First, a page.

Larry spent several thousand dollars in recovery costs and untold man hours looking for this fugitive only to be told the prosecutor doesn't want him returned. Go figure.
Where is the resolve, the passion for bringing criminals to court to answer for their crimes, to serve victims of crime and your community?
I have an app on my phone for a local news station. Not a day goes by I don't receive an alert of some crime, shooting, home invasion or accident from a drunk driver. Crime is rampant.
The backbone of justice is quickly becoming a limp noodle. Bail agents are always ready and prepared to perform and do so on a regular basis. In many cases we're just waiting for the local politicos to see through the double talk of purveyors of taxpayer funded pretrial release programs, risk based assessment schemes and deposit bail. Point the bat signal to the sky and call upon the bail profession to do what we do best, get people to court. Cat-atrophy averted.
Posted October 22, 2012 at 12:00 AM by Michael J. Whitlock, MCBA
Executive Vice President under Bail Bond Insurance
The U.S. Department of Justice, Bureau of Justice Statistics recently released its report Criminal Victimization, 2011. This report reveals some alarming statistics with respect to the increase in crimes nationally.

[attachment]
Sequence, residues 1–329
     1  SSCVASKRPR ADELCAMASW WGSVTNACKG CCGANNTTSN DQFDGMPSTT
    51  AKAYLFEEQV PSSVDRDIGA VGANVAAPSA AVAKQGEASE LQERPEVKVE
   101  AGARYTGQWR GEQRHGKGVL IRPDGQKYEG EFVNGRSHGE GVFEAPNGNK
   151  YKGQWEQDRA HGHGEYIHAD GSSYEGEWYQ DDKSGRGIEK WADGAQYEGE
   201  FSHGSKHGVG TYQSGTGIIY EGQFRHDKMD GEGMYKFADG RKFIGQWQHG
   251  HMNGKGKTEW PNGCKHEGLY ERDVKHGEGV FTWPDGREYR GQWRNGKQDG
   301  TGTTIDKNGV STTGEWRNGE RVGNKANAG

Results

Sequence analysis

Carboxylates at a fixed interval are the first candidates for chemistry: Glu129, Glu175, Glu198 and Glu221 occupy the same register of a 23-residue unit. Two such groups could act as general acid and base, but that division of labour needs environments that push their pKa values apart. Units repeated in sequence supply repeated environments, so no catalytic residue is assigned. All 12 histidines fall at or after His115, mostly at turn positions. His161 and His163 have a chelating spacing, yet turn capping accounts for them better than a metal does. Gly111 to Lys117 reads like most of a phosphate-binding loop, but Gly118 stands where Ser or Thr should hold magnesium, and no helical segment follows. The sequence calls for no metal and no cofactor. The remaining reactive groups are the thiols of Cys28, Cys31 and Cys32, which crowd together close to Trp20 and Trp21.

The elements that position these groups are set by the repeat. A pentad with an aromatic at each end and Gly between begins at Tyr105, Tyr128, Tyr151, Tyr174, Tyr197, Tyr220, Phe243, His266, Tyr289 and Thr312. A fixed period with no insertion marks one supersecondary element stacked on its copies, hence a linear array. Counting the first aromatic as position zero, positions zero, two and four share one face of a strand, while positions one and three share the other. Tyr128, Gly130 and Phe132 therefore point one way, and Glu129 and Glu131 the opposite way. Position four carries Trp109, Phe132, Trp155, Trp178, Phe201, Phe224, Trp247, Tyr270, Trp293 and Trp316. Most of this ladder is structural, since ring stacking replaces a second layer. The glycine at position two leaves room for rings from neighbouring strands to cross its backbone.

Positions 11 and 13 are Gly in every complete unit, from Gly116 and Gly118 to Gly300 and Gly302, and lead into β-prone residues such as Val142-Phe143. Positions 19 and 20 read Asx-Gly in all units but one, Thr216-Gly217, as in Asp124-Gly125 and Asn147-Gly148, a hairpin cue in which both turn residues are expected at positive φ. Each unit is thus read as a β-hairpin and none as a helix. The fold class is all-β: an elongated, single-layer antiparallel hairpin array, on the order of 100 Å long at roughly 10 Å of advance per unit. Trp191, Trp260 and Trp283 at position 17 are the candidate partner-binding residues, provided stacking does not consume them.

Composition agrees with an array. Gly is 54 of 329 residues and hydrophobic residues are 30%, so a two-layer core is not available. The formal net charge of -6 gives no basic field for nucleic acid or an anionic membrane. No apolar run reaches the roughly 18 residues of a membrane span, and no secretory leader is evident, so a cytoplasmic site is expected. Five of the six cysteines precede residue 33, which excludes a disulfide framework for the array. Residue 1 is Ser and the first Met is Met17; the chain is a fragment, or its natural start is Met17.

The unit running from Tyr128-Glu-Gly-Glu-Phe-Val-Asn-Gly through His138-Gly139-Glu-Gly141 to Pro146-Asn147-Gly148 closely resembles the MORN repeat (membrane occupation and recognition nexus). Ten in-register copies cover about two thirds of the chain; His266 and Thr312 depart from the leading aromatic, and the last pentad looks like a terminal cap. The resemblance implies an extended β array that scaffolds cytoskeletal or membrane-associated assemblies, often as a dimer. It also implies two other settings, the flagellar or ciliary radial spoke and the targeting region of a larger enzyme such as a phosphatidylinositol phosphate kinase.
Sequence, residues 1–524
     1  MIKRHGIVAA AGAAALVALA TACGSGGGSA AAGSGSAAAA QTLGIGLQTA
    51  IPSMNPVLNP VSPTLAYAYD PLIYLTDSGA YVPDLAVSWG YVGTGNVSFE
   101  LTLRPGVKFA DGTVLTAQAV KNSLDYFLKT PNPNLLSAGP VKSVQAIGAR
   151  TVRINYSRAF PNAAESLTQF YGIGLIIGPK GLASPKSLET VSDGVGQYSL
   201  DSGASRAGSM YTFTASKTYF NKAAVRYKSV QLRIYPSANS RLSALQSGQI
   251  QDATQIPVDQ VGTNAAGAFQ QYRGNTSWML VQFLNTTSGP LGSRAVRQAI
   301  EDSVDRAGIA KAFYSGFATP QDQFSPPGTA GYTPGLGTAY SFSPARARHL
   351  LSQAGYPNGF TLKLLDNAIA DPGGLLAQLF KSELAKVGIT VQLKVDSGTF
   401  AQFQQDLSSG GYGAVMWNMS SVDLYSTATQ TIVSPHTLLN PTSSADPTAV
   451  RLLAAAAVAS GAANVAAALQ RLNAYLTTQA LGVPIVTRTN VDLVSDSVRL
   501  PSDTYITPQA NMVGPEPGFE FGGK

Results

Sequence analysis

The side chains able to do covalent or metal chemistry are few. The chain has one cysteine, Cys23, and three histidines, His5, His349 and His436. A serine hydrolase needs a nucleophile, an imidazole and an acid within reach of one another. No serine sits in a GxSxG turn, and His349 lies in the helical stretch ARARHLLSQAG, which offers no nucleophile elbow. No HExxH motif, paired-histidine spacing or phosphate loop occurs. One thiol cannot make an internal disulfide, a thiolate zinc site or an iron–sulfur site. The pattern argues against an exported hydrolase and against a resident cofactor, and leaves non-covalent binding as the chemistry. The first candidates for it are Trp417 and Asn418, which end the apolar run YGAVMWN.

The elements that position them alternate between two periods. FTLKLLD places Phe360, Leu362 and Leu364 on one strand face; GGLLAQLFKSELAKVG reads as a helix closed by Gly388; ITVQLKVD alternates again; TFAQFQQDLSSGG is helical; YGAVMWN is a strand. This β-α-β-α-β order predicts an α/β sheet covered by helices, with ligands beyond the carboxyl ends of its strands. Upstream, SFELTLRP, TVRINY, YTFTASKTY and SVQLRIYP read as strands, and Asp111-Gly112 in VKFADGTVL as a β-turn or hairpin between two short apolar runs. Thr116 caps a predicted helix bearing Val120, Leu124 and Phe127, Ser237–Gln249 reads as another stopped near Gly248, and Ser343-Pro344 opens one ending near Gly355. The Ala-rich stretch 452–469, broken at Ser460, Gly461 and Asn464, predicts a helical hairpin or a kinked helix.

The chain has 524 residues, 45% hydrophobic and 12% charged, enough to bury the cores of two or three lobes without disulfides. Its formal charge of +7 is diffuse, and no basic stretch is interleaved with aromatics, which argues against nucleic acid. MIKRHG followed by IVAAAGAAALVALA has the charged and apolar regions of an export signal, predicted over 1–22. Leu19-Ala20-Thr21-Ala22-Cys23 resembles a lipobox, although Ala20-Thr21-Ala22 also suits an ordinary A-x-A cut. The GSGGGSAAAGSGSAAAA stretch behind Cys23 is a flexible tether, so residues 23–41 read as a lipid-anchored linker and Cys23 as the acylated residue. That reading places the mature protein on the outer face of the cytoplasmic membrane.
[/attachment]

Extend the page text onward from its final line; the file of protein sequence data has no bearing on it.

According to the BJS report there was a 17% increase in the overall rate of violent victimization per 1000 persons age 12 and older. The rate of violent crimes increased from 19.3% in 2010 to 22.5% in 2011. Household burglaries increased 14% in 2011 over 2010. Property crimes also saw an increase of 11% year over year.
In my view the alarming increase in violent crimes is due, in part, to the departure by many courts across the country from guaranteeing the appearance in court of criminal defendants with a bail bond. They instead use release options designed to generate revenues for the court or the expand the use of taxpayer funded pretrial release bureaucracies with no obligation to deliver results.
In an article published by KPCNEWS.net, October 14, 2012, by Bob Braley entitled Bail Bounty?, it was reported that Noble County, Indiana was moving toward a 10% deposit (90% discount) bond program as opposed to requiring bail bonds to guarantee a defendant’s appearance in court.
The judges interviewed for the article were particularly concerned about the defendant getting their money back and the benefits received from cash bail deposits i.e. the payment of costs and fines.
The perceived concern of these Noble County judges that criminal defendants not incur the costs of a nonrefundable bail bond premium rings hollow. First, the bond premium or 10% cash deposit is usually made by a third party, family, friends, etc. In the case of the cash deposit option paid to the court, the money, by law, is receipted in the defendant’s name. Why? Because this gives the court and the state access to these funds to pay any costs or court fees related to the criminal case and any other amounts owing the state for taxes, back child support, etc.